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Payer Contracts during the Pandemic: 8 Ways to Maximize Reimbursement

Payer Contracts During The Pandemic 8 Ways To Maximize Reimbursement Web

For most ASCs, the upheaval caused by COVID-19 has left little time for reviewing managed care contracts and renegotiating with payers. But your ASC has likely undergone changes since March 2020, and payer contracts negotiated prior to the pandemic may not address case mix shifts and new trends.

Now that case volumes may be normalizing, it’s time to see where there may be room to optimize payer reimbursement. Below are eight ways to ensure ASC payer contracts stay current and maximize revenue through this difficult time and going forward.

1. Confirm Managed Care Contract Renewal Dates

Typically, contracts will remain in effect past the initial term or after the last annual increase. Not requesting annual increases can be costly. If you don’t ask for an increase when a contract’s term is up, the health plan will usually continue to pay the same rates.

2. Check Case Mix Shifts

In an effort to minimize COVID-19 exposure, patients increasingly are opting to have their outpatient elective surgeries conducted at ASCs instead of hospitals. Over the past year, we have seen a surge in spine and total joint cases migrating from hospital settings to ASCs. Additionally, higher-acuity case volume has grown across all specialties, so be sure contracts are appropriately reimbursing for these cases and payers are allowing and preapproving them in the ASC setting, especially for those Medicare deems inpatient only.

3. Review Claims Data

By comparing your current claims data to numbers from before the pandemic, you can project cost savings for both the ASC and payers.

  • If there are new cases, where are they migrating from? Did the cases move from a higher-cost site of service for the payer? If so, quantify the cost savings for the payer over the course of a year for all cases so you can demonstrate this number during negotiations if necessary.
  • Do you have new surgeons or specialists performing cases at the ASC? Are there any services your surgeons would like to bring to the ASC from the hospital setting? You can provide the anticipated cost savings to the payer by projecting the case volume for potential services that can migrate from the hospital to the ASC setting.

4. Involve Surgeons

Before you contact the payers, confirm case volume and cost data by talking to the ASC surgeons. Review this data with your surgeons and find out about any additional changes they are planning to their case mix and case volume at the ASC. Discuss the current trends and what is on the horizon for 2021 and beyond.

5. Identify Case Costs for New Services

Payers may want to know the costs involved in the new cases; be prepared to answer the following questions:

  • Do any of the new cases include high-cost implant, such as total joints?
  • Can you provide a sample of implant invoices for high-cost cases?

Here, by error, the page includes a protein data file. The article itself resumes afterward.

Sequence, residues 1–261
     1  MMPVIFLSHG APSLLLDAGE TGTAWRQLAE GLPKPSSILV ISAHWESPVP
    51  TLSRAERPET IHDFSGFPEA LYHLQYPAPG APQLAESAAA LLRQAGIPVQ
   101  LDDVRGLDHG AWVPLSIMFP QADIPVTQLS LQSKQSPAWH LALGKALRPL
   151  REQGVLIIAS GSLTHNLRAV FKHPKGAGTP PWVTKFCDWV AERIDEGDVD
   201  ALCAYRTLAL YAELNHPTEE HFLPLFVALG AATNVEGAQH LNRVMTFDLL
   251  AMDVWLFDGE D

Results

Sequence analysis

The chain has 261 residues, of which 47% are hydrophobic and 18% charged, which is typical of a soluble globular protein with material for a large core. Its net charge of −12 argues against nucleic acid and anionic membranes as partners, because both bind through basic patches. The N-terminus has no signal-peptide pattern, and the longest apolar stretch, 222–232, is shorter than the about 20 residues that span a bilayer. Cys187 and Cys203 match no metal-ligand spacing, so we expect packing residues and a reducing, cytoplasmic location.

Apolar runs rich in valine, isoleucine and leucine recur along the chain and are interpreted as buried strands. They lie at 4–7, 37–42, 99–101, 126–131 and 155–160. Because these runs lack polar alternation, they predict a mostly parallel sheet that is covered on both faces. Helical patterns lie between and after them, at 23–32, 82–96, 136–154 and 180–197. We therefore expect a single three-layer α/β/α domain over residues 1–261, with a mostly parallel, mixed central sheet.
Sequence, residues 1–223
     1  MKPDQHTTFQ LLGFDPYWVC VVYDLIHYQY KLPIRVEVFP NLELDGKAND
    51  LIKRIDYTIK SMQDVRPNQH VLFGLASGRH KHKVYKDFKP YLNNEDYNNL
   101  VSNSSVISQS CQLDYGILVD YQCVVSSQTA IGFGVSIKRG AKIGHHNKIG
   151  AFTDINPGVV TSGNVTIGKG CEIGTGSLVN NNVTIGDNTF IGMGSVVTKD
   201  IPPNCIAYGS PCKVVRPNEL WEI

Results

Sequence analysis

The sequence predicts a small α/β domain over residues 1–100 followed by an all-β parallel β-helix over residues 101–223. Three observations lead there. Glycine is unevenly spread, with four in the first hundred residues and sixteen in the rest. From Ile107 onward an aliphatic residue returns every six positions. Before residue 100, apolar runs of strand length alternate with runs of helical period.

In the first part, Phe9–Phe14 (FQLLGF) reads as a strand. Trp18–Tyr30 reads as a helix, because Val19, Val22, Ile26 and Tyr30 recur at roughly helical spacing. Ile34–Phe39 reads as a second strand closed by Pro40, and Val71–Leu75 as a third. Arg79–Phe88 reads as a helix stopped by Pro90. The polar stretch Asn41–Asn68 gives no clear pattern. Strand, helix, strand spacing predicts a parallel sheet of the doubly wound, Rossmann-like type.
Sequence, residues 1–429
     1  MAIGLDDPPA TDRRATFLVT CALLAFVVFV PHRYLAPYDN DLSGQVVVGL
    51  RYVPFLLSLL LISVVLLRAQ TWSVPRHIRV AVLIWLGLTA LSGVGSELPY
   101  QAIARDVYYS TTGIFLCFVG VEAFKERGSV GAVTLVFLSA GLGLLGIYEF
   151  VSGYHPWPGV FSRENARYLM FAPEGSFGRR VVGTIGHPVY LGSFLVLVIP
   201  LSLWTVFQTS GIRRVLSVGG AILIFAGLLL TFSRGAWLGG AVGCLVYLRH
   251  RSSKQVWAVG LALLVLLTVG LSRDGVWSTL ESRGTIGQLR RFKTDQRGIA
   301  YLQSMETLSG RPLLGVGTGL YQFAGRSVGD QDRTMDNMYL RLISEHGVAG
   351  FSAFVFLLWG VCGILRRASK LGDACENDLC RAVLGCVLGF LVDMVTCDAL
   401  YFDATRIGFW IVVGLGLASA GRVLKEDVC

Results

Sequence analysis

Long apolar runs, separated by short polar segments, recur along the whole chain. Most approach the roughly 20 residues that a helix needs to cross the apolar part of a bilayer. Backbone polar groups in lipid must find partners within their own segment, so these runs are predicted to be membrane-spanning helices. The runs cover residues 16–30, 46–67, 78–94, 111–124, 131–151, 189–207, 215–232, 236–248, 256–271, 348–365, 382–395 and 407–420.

• If the payer includes the implant in the rate, provide the highest-cost invoices to ensure reimbursement covers the highest-cost scenario..
  • If these cases are not yet being performed at the ASC, are there quotes from the implant vendor?

6. Analyze Implant Reimbursement

Determine whether your current contracts have reimbursement provisions and payment for high-cost implants. Are implants included in the surgery case rate, or will the payer reimburse the cost in addition to the procedure? If implant costs are included in the carve-out rate or case payment, determine the total cost for doing the case, inclusive of supplies, implants, and other operating expenses.

7. Evaluate Payer Fee Schedule

In some contracts, the payer fee schedule rates for certain specialties may need to be increased. Review the reimbursement for high-volume cases to see if increases are needed to improve your bottom line, accounting for annual growth to the cost of doing business, including any additional costs associated with COVID-19 protocols and PPE. Also, incorporate overall operating expenses, including salaries and benefits, for the ASC as part of the total cost for each case.

8. Include Business Office Staff

Your office staff are probably well acquainted with your payers’ reimbursement processes. Prior to renegotiating, ask them to document and summarize any payer issues that you can address. Are there issues or delays with large claims or implant reimbursements? Office staff can confirm whether the payers are reimbursing claims according to the payment time frames as required in your agreements. If they are not, your contract (or state prompt payment laws) may stipulate that you are due interest payments. Be sure to check the addendum language in your agreement for state regulations on interest payments.

Reviewing your data can lead to identifying improvements to your managed care contracts, enabling you to maximize revenue now. It is valuable to update payer contracts before expanding services at your ASC.

Surgery migration to outpatient settings will continue.

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